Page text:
Fannie Mae and Freddie Mac were labeled as critical supervisory concerns in the Federal Housing Finance Agency’s (FHFA) annual report to Congress. In 2011, Fannie and Freddie borrowed $33.6 billion from Treasury, up from $28 billion the year prior. As of the end of 2011, the GSEs have drawn $187.5 billion from Treasury. The GSEs’ current and projected losses are from loans originated from 2005 to 2007.
New single-family guarantees in 2011 reportedly had high credit quality, and higher-risk mortgages essentially have been eliminated. The GSEs guaranteed approximately three out of every four mortgages in 2011, equaling about $100 billion per month in new mortgages. The average FICO scores for mortgages guaranteed in 2011 were in the mid-700s, which was up 35 to 45 points than in pre-conservatorship days. The average loan-to-value ratio for the year was at or below 70 percent, about 5 percentage points below pre-conservatorship lows.
According to the FHFA, the conservatorships and Treasury’s financial support have stabilized the GSEs’ financial condition, although they are not restored to a “sound financial condition.” Key challenges Fannie and Freddie face include stress in the housing market, the economic environment, and the GSEs’ uncertain future.

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Private Student Loans often Confuse and Frustrate Borrowers: CFPB
Los Angeles Times (06/13/12) Faughnder, Ryan

The Consumer Financial Protection Bureau (CFPB) published nearly 2,000 comments and complaints on June 13 from borrowers, advocacy organizations and other agencies about student loans. The Bureau removed names and other identifying information from the comments, which were submitted through the CFPB’s student loan complaint system. Many of the complaints centered around the clarity of terms and conditions, such as those regarding loan consolidation. “Not surprisingly, we heard a lot about the challenges borrowers have faced in periods of unemployment and financial hardship,” said Rohit Chopra, the CFPB’s student loan ombudsman.
The CFPB has asked state governments, schools and advocacy groups to enter the student loan conversation and is urging agencies to share borrower inquiries and complaints.

According to a recent report by the U.S. Department of Education, the average cost of a four-year university education increased 15 percent from 2008 to 2010. The growing cost has led to increased usage of private loans, often to supplement government loans.

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National and State News
New York Demands Lower Force-Placed Insurance Rates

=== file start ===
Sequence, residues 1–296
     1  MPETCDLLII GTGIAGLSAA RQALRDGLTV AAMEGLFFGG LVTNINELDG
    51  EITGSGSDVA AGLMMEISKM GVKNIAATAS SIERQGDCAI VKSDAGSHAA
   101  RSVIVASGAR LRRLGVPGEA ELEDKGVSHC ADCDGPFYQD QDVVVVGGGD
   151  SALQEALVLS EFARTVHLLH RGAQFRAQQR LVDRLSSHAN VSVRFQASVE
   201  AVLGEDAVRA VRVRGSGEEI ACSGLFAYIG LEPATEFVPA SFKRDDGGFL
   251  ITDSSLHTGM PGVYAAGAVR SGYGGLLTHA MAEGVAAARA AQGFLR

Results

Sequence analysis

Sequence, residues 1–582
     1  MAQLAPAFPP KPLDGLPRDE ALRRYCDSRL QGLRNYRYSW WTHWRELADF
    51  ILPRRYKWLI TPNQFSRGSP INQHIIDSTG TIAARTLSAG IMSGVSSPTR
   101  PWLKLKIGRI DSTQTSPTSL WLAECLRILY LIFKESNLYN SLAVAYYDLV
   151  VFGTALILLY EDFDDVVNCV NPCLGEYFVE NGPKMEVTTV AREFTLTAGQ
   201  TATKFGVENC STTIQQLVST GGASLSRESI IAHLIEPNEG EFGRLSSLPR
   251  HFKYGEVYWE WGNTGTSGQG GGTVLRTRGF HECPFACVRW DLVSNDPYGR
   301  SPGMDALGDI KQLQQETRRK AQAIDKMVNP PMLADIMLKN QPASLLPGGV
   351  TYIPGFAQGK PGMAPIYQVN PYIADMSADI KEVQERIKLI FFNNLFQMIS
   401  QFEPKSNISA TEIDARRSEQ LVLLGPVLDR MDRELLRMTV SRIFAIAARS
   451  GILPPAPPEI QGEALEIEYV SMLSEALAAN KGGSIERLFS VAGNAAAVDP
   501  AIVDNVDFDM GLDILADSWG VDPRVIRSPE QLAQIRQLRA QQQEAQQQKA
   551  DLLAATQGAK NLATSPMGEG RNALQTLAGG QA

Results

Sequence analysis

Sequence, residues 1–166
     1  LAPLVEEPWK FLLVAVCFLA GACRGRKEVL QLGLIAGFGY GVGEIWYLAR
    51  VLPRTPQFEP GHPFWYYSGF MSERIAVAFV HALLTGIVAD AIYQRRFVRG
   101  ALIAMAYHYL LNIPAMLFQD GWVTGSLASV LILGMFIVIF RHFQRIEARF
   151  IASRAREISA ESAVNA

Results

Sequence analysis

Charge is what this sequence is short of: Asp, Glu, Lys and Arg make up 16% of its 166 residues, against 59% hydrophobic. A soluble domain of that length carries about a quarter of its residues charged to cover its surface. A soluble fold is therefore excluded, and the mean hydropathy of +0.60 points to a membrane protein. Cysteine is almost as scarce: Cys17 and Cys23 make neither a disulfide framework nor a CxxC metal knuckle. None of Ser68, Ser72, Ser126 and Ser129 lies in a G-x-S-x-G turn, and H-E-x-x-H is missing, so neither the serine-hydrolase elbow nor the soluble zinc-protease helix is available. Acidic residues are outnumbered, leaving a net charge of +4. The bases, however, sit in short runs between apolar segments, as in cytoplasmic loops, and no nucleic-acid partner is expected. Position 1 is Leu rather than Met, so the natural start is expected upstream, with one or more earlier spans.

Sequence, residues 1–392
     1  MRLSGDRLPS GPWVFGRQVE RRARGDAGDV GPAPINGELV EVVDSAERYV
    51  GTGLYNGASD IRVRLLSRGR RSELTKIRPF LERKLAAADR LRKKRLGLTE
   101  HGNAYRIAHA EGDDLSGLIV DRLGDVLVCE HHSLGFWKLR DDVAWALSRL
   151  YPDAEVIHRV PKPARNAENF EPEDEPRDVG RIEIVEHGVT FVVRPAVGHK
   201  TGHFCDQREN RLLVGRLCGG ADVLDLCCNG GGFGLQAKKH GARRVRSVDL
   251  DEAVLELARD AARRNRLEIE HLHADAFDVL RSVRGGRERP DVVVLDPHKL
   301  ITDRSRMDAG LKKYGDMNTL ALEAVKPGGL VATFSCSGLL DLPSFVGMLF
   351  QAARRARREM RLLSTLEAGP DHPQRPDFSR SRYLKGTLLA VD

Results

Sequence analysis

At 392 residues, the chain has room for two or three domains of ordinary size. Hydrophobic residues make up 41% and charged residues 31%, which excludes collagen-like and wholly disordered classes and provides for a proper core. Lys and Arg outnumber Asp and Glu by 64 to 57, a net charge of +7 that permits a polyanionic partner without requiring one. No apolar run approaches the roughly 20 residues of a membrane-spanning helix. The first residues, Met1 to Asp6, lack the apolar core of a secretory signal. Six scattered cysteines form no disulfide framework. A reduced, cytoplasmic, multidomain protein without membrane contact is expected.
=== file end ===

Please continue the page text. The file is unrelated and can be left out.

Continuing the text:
American Banker (06/12/12) Horwitz, Jeff

The New York governor and Department of Financial Services (DFS) superintendent ordered force-placed insurers operating in the state to lower premiums by July 6. A similar mandate was made by California's insurance commissioner a few months ago.
"Our hearings suggest a lack of competition, high prices, and low loss ratios, all of which hurt homeowners," said New York Financial Services superintendent Benjamin Lawsky. "Based on what we learned at the hearings, it is now appropriate for insurers to propose new rates along with justifications for those new rates." The DFS has been investigating the relationship between banks and force-placed insurers for several months. At a May hearing, the department shared many of its preliminary conclusions, such as insurers paying much less in claims than they forecast. DFS staff and consumer advocates recommended during the hearing that insurers' targeted payouts be as high as 80%. Insurers stated that such a high rate would not be feasible, particularly as they anticipate paying higher claims due to banks working through their backlog of foreclosures.

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U.S. Foreclosure Filings Fall 4% as Lenders Increase Short Sales
Bloomberg (06/14/12) Levy, Dan

An increase in short sales helped lower the amount of foreclosure filings in the U.S., which were down four percent in May from a year earlier, according to a RealtyTrac Inc. report. For the 20th consecutive time, the number of foreclosures declined on a year-over-year basis. Although initial notices of foreclosure increased, seizures dropped 18 percent from a year earlier, indicating that lenders are seeking alternatives to repossessions.
According to RealtyTrac, properties sold in short sales in the first quarter garnered $27,000 more than bank-owned homes. “More banks are now recognizing that treating the problem of delinquent mortgages with short sales rather than bank repossessions can help them minimize their losses,” said RealtyTrac chief executive officer Brandon Moore. A higher percentage of foreclosure starts are likely to end up as short sales as lenders realize the economic advantage, Moore said.

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Fed Survey: Recession Shrank Card Debt, Crushed Household Wealth
Credit Cards.com (06/13/12) Dilworth, Kelly

The Federal Reserve’s 2010 Survey of Consumer Finances, released June 11, found that the majority of consumers responded to the recession by eliminating cards and paying off their credit card debt. The survey is one of the most widely accepted accurate snapshots of Americans' finances. Released every three years, the 2010 survey is the first in-depth look at how Americans used credit since the beginning of the recession in mid-2007.
Between 2007 and 2010, the number of families carrying a credit card balance dropped substantially. In answering the survey, 39.4 percent of families said they had at least one credit card with a balance, a 6.7 percent decrease from 2007. "The decreased prevalence of credit card debt outstanding was widespread and noticeable across most of the demographic groups," said the Federal Reserve. Two of the groups that relied more on credit cards after the recession were families headed by someone aged 75 or older and families headed by someone without a high school diploma.
According to the survey, American households’ median net worth dropped 38.8 percent between 2007 and 2010. At the same time, the median incomes of most consumers fell, with the steepest declines in highly educated families, families headed by someone younger than 55 and families living in the South and the West. 

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June 14, 2012

Forward To A Colleague

Life of the South
Wells Fargo Preferred Capital
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Black Book
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AFSA Newsbriefs